By Lauren Eggleston
Did you know: North America has the highest diversity of freshwater mussels in the world!
Freshwater mussels are filter feeders that inadvertently remove particles of pollution from the surrounding water and absorb them into their bodies. Perhaps not the most photogenic of species, these bivalves are powerhouses that filter and clean our waterways. While we humans rarely consume them (NYS Fish & Game Advisories), they are an important link in the food chain as a meal for raccoons, river otters, birds, and more.
Native freshwater mussels have had a tough go. During the 1800s, the Pearl Button Industry used unsustainable fishing methods and nearly wiped out the mussel population; the prized nacre (mother-of-pearl) found on the inside of the shells was coveted for fashion. In the 1980s, invasive zebra and quagga mussels hitched a ride into the Great Lakes in cargo ships. Since then, zebra and quagga mussels have essentially taken over. These invasives reproduce at an incredible rate: one mature female can release eggs into the water column up to six times a year. In comparison, native freshwater mussels usually release eggs only once a year. The zebra mussel life cycle is much more efficient (when it comes to taking over the river) than the native freshwater mussel, and they outcompete the heelsplitters, floaters, papershells, and lamp mussels.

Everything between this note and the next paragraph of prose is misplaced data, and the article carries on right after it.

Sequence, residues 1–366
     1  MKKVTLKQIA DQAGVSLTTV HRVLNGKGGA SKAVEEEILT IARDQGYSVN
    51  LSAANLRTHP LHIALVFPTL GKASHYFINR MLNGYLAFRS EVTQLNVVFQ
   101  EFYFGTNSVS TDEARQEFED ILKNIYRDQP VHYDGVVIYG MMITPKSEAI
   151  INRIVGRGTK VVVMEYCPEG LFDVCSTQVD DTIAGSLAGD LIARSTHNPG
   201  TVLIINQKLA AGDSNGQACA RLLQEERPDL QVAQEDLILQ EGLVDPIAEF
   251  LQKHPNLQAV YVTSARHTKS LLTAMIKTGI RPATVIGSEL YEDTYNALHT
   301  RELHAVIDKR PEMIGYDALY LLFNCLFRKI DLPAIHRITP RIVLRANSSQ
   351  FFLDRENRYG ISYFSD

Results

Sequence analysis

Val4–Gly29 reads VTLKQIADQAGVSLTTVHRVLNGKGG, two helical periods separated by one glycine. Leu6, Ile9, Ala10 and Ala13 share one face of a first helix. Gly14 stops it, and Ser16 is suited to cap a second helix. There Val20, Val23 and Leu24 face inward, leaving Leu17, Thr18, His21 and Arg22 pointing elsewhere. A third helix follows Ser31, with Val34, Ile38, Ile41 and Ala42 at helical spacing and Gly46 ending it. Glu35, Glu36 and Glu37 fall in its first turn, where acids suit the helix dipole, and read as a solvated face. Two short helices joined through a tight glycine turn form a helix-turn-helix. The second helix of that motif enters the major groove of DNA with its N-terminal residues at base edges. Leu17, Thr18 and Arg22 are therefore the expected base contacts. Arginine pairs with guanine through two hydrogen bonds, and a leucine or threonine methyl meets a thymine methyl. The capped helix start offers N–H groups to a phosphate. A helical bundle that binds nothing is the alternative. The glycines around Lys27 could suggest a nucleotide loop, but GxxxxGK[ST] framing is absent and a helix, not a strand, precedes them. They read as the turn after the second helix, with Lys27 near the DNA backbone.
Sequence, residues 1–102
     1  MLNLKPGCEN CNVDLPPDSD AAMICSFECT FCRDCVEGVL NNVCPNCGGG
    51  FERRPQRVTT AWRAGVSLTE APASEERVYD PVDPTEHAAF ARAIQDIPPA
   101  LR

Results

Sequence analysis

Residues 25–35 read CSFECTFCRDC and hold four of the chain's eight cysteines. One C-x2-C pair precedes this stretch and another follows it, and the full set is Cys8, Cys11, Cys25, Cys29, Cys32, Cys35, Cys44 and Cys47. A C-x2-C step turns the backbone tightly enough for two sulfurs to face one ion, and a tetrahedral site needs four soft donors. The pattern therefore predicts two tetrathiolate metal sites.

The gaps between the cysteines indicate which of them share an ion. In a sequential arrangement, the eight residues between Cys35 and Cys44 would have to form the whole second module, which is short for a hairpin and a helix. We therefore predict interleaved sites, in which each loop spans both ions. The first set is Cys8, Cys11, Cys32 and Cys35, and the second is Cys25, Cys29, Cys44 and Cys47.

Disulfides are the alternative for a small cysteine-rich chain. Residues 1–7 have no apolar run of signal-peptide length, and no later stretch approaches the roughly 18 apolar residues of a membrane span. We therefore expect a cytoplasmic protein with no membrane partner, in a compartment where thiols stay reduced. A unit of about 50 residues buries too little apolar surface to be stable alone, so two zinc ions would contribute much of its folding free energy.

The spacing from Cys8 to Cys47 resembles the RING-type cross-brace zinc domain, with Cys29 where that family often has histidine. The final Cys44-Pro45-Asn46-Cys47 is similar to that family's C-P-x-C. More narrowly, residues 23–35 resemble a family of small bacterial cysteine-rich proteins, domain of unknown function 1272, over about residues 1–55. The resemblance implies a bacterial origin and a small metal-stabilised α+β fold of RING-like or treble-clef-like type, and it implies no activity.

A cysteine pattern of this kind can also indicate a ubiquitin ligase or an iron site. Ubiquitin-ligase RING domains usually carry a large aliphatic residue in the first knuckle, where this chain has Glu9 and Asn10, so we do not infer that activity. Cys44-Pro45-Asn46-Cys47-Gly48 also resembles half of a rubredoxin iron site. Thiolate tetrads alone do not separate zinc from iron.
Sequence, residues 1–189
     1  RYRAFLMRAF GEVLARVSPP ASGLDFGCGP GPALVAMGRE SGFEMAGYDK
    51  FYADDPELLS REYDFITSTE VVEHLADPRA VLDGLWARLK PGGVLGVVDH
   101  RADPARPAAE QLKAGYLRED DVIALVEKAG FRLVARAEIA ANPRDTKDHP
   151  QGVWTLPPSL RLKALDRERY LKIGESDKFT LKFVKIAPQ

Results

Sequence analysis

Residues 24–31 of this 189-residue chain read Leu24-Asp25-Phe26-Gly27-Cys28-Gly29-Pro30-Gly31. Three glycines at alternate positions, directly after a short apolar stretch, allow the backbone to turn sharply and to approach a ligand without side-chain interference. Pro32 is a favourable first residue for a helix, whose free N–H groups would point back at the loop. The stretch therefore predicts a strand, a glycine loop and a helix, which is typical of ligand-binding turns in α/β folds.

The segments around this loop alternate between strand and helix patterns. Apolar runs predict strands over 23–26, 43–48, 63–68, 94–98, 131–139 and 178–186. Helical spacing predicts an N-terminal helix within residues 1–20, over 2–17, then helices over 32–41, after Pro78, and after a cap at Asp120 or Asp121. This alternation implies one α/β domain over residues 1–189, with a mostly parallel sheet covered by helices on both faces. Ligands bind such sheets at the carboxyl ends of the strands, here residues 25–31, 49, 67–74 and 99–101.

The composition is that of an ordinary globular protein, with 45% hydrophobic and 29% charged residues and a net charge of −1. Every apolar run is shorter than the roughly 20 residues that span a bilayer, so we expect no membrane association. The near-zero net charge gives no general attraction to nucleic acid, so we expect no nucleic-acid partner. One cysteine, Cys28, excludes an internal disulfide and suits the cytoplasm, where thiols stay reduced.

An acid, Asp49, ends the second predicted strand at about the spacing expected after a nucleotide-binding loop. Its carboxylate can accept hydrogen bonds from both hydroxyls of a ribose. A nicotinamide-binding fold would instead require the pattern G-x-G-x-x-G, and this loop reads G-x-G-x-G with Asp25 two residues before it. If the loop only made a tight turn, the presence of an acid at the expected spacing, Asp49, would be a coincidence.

Native freshwater mussels’ numbers are slowly recovering. Humans have been on the lookout for our filtering friends since the early 1900s, when the button industry realized that they were decimating their supply. Sustainable harvesting methods initially aided the mussel population. More recently, efforts to stop the spread of invasive zebra and quagga mussels have helped struggling native freshwater mussels to survive. But they need our involvement! Help to stop the spread of invasive species. Wash your water sports gear, let it fully dry before you head to a different body of water. Be mindful: don’t dump your bait or forget to drain your boat.
Save The River is developing a booklet for Grade 6 students – packed full of fascinating facts about freshwater mussels! We hope you enjoy this sneak-peek at one of the pages. This booklet is part of the Unionid Refuge Invasive Species Research Project, funded by NYSDEC, created in partnership with the Saint Regis Mohawk Tribe Environmental Division and the New York State Museum. The three-year grant investigates how river-bottom sediments influence invasive zebra and quagga mussel colonization on freshwater mussels in the Lower Grasse River. View a sneak peek at the booklet!